Created in the 1800s as sites of education and healing, institutions for people with developmental disabilities and mental illness deteriorated over the decades into places of neglect and abandonment. Many children lived their whole lives in these facilities, never knowing the love of a family, and living in daily fear of their overworked, underpaid, and often abusive caretakers. Visits from family members were discouraged and, at times, outright denied. There was little oversight, and what went on inside the institutions became shrouded in secrecy.
It took decades of exhausting and relentless advocacy by parent groups and other organizations to get Congress to pass legislation that protected the rights of children with disabilities. In the 1980s, thanks to the Katie Beckett Medicaid Waiver and other legislation, parents were finally given the choice to keep their children at home and seek newly established community services for their support, rather than place them in state-run facilities. More and more of these institutions began to close, a process that is still ongoing today.
In 1999, the United States Supreme Court said in a decision called Olmstead v. L.C. that persons with disabilities who live in, are “at risk” of living in, or are eligible for placement in facilities or institutions have a right to live in the community. The court said that, under the Americans with Disabiltities Act, which was signed into law in 1990, “it is a form of discrimination to isolate and segregate persons in institutions when they can live like other people in the community and enjoy the benefits of society.” In 2009, the Department of Justice Civil Rights Division launched an aggressive effort to enforce Olmstead, expanding the understanding of its obligations from getting people out of institutions to assisting people to engage in community life.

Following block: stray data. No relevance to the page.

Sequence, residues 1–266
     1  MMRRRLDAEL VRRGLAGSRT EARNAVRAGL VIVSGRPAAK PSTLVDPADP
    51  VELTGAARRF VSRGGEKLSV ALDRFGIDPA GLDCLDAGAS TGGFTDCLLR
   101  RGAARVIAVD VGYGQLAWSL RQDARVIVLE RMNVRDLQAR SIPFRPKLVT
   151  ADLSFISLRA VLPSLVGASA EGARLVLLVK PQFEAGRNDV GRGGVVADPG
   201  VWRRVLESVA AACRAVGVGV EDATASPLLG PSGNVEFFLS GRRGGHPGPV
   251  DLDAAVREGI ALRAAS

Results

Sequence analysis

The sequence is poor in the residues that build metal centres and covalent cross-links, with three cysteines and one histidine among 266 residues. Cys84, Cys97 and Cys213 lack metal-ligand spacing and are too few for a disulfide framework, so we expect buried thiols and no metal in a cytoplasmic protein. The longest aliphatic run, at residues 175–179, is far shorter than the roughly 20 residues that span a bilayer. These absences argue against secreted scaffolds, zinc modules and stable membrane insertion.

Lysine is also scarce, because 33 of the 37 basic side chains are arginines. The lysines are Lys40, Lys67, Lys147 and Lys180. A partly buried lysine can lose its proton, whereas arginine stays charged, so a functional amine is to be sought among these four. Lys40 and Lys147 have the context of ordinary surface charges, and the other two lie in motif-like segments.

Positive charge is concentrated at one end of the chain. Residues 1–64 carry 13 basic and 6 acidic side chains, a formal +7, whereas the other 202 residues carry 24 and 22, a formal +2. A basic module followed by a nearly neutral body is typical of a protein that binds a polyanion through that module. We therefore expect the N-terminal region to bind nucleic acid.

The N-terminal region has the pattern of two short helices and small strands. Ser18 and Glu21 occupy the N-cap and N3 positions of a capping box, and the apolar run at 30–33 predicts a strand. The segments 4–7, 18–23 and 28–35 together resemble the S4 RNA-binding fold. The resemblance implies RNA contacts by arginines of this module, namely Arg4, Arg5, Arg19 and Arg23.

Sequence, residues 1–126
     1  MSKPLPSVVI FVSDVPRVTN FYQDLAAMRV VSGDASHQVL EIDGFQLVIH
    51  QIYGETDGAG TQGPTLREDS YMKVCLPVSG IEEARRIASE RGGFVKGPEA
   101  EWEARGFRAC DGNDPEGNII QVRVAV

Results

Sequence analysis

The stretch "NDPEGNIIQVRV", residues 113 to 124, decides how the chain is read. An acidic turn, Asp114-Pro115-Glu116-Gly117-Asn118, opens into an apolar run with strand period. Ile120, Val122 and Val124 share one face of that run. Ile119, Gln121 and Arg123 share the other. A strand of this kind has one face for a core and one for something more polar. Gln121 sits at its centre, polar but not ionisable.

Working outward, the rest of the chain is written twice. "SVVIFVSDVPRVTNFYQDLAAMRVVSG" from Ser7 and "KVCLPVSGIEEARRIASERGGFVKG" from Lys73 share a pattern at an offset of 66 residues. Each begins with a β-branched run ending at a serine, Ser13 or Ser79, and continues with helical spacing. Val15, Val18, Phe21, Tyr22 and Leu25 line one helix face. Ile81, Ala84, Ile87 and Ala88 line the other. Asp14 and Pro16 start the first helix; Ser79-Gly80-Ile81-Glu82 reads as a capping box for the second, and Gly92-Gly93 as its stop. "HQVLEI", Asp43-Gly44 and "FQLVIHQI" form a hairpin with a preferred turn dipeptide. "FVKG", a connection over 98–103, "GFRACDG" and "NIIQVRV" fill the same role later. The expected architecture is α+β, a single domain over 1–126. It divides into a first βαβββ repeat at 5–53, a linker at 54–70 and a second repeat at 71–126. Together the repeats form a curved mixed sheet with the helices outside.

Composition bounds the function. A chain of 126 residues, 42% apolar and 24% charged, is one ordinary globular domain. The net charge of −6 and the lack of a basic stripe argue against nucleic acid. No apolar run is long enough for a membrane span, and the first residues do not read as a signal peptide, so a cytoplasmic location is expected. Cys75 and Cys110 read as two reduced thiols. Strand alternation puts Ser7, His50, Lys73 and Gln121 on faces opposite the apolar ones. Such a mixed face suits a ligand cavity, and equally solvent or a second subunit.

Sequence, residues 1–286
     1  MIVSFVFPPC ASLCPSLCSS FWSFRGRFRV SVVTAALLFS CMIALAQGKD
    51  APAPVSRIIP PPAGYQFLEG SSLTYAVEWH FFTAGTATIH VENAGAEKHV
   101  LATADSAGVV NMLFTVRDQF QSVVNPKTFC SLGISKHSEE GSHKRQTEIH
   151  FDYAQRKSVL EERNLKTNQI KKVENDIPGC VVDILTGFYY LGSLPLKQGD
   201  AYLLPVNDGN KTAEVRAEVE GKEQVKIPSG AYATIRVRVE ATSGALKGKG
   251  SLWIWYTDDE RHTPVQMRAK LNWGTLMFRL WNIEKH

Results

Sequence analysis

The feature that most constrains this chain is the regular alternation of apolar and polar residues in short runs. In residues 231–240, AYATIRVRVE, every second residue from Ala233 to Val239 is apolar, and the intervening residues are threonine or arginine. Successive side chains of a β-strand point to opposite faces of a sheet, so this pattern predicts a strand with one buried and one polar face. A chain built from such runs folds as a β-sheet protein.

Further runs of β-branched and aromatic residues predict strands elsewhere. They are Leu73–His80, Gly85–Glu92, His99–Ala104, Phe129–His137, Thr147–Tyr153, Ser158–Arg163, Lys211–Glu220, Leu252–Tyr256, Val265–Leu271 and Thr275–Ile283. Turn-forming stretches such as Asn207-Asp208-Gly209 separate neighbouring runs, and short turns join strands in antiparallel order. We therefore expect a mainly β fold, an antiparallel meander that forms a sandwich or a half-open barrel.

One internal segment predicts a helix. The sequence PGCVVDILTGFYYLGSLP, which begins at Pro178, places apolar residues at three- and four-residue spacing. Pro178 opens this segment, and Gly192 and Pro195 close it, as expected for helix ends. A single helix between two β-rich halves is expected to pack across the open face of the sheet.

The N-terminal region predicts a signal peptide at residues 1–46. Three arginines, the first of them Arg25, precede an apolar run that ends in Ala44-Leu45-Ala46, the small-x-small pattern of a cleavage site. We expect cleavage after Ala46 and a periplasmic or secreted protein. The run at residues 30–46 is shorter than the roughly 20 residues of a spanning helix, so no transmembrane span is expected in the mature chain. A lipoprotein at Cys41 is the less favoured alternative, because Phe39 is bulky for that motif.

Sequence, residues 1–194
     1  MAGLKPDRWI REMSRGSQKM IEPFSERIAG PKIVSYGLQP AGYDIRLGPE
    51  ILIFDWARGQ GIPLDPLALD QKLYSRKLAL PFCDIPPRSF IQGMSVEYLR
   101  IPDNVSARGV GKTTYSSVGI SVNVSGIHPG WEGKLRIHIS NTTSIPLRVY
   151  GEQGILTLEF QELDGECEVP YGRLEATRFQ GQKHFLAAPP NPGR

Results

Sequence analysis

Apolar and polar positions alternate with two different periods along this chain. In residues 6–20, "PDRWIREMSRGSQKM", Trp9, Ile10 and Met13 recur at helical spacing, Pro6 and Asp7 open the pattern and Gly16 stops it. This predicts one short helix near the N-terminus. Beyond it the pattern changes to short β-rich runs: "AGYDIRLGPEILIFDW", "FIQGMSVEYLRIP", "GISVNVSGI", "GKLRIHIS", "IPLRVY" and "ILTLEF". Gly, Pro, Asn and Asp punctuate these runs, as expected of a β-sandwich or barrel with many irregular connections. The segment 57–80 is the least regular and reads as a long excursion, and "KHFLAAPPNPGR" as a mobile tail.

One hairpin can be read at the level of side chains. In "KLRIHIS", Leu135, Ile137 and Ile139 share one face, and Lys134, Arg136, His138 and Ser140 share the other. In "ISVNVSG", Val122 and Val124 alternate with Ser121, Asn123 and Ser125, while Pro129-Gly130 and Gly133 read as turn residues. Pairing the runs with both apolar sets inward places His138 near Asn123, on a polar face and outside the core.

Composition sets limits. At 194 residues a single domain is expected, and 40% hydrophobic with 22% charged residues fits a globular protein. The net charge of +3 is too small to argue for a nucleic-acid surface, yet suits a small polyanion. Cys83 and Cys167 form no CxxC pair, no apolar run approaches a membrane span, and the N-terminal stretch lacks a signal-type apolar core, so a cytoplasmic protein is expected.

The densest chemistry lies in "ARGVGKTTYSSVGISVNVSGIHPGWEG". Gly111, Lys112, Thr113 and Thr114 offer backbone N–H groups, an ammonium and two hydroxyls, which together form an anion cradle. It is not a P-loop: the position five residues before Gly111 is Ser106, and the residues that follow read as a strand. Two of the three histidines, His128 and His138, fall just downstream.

But the work is not done. There are still those in positions of power who believe that people with disabilities belong in institutions, and because not all institutions have been closed, there is a ready system still waiting to absorb this population back into the clenches of the hell that advocates have worked for decades to extricate them from.
One important factor that continues to make this population vulnerable to re-institutionalization is the financial burden that families of children with disabilities carry. It’s one thing for the Supreme Court to rule that children with disabilities have the right to live in their homes, but it’s another thing for those parents to be able to afford to take care of their children.
The expense of caring for a child with disabilities includes medical supplies, adaptive equipment, accessible architectural features in their homes, and the need for adequate insurance coverage for therapy and medical bills. My daughter’s medication alone would cost us several thousand dollars a month if she didn’t have insurance. There are state-funded services in place already that assist with many of these things (although much could be said about the web of bureaucracy that parents have to navigate in order to gain access to these services), but one of the most burdensome factors that families face is the need for daily care.